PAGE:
By Trish Witkowski
There’s a nasty old rumor running around that gate folds are the most difficult and expensive folds to produce, generating lots of spoilage and requiring manual labor. The rumor has scared scores of designers into avoiding gate folds like the plague.
As a lover of all things folded, and as someone who has dedicated her career to the topic, I decided it was time to stop gate fold discrimination in its tracks.
Now, being the research-junkie that I am, I called out to some of my industry buddies to confirm what I was quite certain was true – gate folds are actually not that big of a deal if you have the right equipment.
What is a gate fold anyway?
Before we get into debunking the myth, the first order of business is to clarify the terminology. There is a lot of confusion as to what constitutes a gate fold.
“Nomenclature changes as geographic area changes,” says Marty Anson, CEO of Bindagraphics, one of the largest trade binderies in the world. You’ve probably heard a variety of terms – gate, single gate, double gate, closed gate, and on and on. I’ve found over the years that even though people tend to call it what they want based on their environment and background, when presented with the real terminology, they will consider changing. So I’m challenging all of you to start using the proper terminology for gate folds so that we can speak with one clear, consistent voice.
A gate fold involves two panels folding in toward the center to create the appearance of a gate.
Many like to call this a double gate. It’s important to note that one panel folding in is not a single gate – there is no such thing as a single gate – and therefore two panels folding in is not a double gate. Sorry to disappoint. It’s just a gate.
Add another fold and you can call it a closed gate.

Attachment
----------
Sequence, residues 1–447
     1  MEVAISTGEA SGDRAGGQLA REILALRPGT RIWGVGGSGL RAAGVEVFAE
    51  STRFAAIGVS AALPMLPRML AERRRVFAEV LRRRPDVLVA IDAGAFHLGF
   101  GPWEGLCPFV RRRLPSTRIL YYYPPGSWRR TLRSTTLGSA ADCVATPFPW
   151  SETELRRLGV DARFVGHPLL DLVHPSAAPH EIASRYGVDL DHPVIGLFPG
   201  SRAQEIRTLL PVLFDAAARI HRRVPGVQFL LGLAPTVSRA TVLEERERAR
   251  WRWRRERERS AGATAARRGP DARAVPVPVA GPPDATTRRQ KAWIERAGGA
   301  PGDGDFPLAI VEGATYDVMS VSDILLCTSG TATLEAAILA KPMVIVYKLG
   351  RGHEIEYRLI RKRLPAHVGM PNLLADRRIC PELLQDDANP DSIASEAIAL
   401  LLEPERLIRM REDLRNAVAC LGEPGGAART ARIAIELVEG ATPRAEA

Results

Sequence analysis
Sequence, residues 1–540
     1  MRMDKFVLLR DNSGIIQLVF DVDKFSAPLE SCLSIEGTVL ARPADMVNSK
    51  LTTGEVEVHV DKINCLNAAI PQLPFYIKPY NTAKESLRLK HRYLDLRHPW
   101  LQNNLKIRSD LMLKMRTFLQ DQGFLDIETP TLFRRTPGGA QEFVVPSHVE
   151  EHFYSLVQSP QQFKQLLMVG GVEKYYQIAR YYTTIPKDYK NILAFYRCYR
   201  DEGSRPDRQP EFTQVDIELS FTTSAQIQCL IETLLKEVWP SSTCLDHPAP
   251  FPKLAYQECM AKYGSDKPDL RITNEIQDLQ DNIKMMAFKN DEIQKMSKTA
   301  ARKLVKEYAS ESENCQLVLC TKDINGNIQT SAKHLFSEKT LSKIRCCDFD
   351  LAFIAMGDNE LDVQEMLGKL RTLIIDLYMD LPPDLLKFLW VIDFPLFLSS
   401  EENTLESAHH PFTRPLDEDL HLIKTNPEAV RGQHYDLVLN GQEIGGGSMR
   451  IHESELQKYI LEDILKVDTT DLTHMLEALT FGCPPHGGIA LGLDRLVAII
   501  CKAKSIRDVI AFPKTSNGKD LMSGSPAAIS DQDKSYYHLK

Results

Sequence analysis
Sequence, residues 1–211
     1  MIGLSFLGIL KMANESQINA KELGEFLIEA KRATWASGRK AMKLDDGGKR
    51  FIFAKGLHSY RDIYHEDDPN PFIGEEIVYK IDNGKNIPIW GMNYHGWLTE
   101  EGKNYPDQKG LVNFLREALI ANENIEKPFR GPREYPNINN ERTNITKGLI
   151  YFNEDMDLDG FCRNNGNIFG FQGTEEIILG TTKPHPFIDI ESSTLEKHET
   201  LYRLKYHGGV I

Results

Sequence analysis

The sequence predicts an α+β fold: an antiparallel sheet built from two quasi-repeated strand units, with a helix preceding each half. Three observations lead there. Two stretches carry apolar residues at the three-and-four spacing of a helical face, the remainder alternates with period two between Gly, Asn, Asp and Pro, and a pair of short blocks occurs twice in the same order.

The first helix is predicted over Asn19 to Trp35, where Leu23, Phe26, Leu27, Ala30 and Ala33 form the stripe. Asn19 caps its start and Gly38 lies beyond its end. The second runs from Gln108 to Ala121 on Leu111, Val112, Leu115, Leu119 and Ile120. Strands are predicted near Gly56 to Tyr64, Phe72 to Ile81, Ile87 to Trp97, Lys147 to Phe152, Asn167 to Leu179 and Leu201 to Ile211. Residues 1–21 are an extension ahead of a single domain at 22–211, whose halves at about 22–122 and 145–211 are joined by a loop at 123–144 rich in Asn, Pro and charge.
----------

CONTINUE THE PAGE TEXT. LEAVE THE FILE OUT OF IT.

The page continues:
Gate fold in and then gate fold in again and there’s your double gate. The illustration below adds a fifth fold to create a closed double gate.
Feeling frisky? Try an open gate.
Tip: Printers speak in parallel and right angle folds. Alternate acceptable terminology is to count the number of parallel folds. For example: gate is a two-parallel gate, closed gate is a three-parallel gate, double gate is a five-parallel gate, and open gate is a four-parallel open gate.
Back to the gate myth
Now that we know what a gate fold is, let’s talk about where the myth came from and why it’s no longer valid today.
You see, there was a time when finding a vendor with the right equipment to produce gate folds by machine was challenging. To get around this, the final fold had to be done by hand, which added a lot of cost. So, years ago, the gate fold myth was true, but times have changed.
My good friend Joe Wagner from Whitmore Group puts it bluntly, “We live in 2010, not 1980. Gate folds are not new, and neither is the folding equipment. It is standard to charge for setup of each additional piece of equipment and the labor associated with it, but you are not talking about a lot of money, or excessive spoilage.”